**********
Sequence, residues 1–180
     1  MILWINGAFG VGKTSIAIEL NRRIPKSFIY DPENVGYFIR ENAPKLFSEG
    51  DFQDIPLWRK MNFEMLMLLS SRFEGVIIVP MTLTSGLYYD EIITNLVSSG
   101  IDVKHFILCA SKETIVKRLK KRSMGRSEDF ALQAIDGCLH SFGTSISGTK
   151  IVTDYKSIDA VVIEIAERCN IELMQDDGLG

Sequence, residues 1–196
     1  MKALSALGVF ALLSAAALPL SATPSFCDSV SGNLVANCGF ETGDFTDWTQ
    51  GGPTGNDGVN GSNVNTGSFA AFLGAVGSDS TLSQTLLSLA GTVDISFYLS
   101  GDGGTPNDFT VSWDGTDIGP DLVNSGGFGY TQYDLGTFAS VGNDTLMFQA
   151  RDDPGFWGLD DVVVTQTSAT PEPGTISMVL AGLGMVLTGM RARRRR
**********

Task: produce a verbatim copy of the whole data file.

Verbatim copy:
Sequence, residues 1–180
     1  MILWINGAFG VGKTSIAIEL NRRIPKSFIY DPENVGYFIR ENAPKLFSEG
    51  DFQDIPLWRK MNFEMLMLLS SRFEGVIIVP MTLTSGLYYD EIITNLVSSG
   101  IDVKHFILCA SKETIVKRLK KRSMGRSEDF ALQAIDGCLH SFGTSISGTK
   151  IVTDYKSIDA VVIEIAERCN IELMQDDGLG

Sequence, residues 1–196
     1  MKALSALGVF ALLSAAALPL SATPSFCDSV SGNLVANCGF ETGDFTDWTQ
    51  GGPTGNDGVN GSNVNTGSFA AFLGAVGSDS TLSQTLLSLA GTVDISFYLS
   101  GDGGTPNDFT VSWDGTDIGP DLVNSGGFGY TQYDLGTFAS VGNDTLMFQA
   151  RDDPGFWGLD DVVVTQTSAT PEPGTISMVL AGLGMVLTGM RARRRR